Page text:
This document outlines how Clarence Mitchell processes and manages personal data and:
• Identifies the data controller.
• Explains the lawful basis for processing personal data.
• Outlines the personal data held and processed.
• Outlines the scope of the special category personal data held and processed.
• Outlines the process of Subject Access Requests.
1. Data Controller
The Data Controller is Clarence Mitchell
If you have any questions about this policy or for more information about how we use your data or would like to exercise any of your rights contact Clarence Mitchell.
3. Lawful basis for processing
All processing is carried out by consent or either under the legitimate interest of Clarence Mitchell, or public interest. These cover processing to conduct casework, campaigning and communication. Where processed under the lawful basis of a task carried out in the public interest, it is to support or promote democratic engagement. This includes fundraising activity in order to support democratic engagement.
4. Data sources
Data held is that provided by you when you contact us and correspondence with third parties in response to cases taken up on your behalf. We may also hold data that you provide when we contact you – for instance, if we ask you to participate in a survey or petition. If you do not wish for us to contact you by telephone please do not provide this information. The Register of Electors that councils provide to authorised persons under the Representation of the People Act is also used for electoral purposes.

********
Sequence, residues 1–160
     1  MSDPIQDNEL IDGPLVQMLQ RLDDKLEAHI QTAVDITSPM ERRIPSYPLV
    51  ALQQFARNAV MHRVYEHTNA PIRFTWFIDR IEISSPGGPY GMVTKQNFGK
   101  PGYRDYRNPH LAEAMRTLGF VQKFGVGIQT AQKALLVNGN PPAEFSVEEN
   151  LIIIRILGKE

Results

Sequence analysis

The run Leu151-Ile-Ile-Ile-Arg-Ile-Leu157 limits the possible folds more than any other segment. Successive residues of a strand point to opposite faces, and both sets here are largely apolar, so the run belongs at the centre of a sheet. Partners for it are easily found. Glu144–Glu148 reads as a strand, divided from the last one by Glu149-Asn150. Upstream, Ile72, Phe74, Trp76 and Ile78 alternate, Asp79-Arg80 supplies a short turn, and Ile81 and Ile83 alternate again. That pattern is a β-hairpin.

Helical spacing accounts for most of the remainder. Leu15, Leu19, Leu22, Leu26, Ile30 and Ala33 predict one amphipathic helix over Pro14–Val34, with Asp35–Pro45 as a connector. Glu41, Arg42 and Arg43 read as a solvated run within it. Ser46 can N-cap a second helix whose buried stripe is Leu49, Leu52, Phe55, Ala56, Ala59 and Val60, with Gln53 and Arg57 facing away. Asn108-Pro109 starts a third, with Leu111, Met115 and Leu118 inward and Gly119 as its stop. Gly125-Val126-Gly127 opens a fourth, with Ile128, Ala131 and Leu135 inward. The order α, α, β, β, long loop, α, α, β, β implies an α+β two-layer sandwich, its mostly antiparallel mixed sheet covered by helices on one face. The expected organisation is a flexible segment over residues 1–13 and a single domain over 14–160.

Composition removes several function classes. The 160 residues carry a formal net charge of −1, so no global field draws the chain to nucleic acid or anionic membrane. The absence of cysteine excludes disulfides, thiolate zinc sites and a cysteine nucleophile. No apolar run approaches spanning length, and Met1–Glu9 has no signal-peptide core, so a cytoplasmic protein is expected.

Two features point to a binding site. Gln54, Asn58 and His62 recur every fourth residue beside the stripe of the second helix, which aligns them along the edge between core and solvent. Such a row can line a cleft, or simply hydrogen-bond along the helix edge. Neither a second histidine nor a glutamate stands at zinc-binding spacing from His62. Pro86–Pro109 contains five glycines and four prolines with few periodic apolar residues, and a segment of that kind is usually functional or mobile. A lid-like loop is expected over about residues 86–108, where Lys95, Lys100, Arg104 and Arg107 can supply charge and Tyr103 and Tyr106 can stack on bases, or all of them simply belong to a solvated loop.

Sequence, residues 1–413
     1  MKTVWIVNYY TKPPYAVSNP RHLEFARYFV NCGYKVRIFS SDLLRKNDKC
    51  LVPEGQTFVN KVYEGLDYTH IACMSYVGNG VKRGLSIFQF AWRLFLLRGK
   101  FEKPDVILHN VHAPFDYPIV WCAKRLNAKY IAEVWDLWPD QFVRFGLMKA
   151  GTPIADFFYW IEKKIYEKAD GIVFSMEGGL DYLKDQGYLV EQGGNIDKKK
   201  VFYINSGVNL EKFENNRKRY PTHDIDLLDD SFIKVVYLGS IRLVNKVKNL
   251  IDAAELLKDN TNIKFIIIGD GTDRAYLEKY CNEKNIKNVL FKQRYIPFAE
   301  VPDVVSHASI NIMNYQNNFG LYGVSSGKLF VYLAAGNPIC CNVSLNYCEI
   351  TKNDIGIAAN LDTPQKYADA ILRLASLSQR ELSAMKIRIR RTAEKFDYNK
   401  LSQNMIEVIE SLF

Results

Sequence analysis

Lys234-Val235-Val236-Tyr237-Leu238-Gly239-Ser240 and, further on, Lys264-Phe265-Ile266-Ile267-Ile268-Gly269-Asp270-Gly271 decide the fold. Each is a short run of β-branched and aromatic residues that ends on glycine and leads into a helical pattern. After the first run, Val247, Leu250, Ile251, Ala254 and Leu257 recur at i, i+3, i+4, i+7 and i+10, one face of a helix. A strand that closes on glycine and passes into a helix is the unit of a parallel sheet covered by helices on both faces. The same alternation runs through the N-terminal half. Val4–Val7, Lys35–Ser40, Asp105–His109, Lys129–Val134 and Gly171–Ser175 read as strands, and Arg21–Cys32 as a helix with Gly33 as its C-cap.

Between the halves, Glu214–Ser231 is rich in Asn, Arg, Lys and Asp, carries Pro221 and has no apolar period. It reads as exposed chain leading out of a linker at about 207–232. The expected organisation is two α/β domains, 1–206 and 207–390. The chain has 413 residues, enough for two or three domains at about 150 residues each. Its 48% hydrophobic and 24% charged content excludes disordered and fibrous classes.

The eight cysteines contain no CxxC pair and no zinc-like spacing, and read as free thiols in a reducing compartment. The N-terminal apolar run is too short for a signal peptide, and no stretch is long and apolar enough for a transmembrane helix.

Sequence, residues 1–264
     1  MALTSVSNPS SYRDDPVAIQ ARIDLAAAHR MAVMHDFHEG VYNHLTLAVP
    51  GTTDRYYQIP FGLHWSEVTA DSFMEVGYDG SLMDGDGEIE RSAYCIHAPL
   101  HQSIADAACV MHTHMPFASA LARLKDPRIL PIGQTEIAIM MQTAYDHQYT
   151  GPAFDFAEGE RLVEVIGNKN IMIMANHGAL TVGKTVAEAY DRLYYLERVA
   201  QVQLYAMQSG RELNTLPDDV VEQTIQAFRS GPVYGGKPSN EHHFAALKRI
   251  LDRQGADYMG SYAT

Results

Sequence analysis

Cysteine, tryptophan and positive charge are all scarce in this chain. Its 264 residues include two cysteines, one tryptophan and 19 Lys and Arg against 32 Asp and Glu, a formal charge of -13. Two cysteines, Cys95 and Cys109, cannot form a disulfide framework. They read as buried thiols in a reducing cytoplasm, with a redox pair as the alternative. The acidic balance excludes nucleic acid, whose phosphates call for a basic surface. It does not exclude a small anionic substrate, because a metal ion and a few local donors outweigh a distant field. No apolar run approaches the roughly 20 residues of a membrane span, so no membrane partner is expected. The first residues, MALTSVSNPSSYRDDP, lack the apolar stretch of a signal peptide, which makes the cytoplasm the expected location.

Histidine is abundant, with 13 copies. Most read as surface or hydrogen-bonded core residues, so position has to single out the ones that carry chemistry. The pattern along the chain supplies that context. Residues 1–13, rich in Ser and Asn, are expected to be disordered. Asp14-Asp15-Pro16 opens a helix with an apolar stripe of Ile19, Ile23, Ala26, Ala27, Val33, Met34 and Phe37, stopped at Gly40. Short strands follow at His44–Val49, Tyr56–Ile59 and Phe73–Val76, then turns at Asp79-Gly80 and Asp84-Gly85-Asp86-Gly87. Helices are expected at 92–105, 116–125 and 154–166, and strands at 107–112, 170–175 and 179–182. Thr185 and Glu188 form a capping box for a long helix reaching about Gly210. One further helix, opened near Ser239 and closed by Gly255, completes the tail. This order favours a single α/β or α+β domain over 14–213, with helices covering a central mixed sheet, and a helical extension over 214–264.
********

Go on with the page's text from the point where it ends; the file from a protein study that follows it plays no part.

5. Data Security
Personal data is stored electronically and securely. We ensure that our service providers comply with the same high standard that we do, and we store our data in the UK.
6. Special category data
Special category data will be processed under the lawful basis indicated in section 3, as is permitted in clauses 22, 23 and 24 of schedule 1 of the Data Protection Act, covering political parties and elected representatives.
7. Transferring your data outside of the European Economic Area
The EU GDPR adequacy decision means that data can continue to flow between the UK and the European Economic Area (EEA). Some service providers are located outside of the EEA and therefore it may be necessary to transfer your personal data outside of the EEA. Where the transfer of your data outside of the EEA takes place we will make sure that it is protected in the same way as if the data was inside the EEA, and it only occurs with your consent.
We will use one of the following safeguards to ensure this:
• Where the European Commission has issued an adequacy decision determining that a non-EEA country or organisation ensures an adequate level of data protection.
• A contract is put in place with the recipient of the data obliging them to protect the data to the same standards as the EEA.
Legally it is not permitted to transfer certain types of data, such as Electoral Register Data, outside of the EEA, and we honour that obligation.
8. Data retention policy
Personal data will be held for no longer than necessary. Some types of data may be held for longer than others. Typically the maximum retention is two election cycles. Review of the data held will occur in each election cycle to determine whether it should be maintained or put beyond use.
9. Subject Access Requests
Subject Access Requests are dealt with in line with the guidance given by the Information Commissioner’s Office (ICO):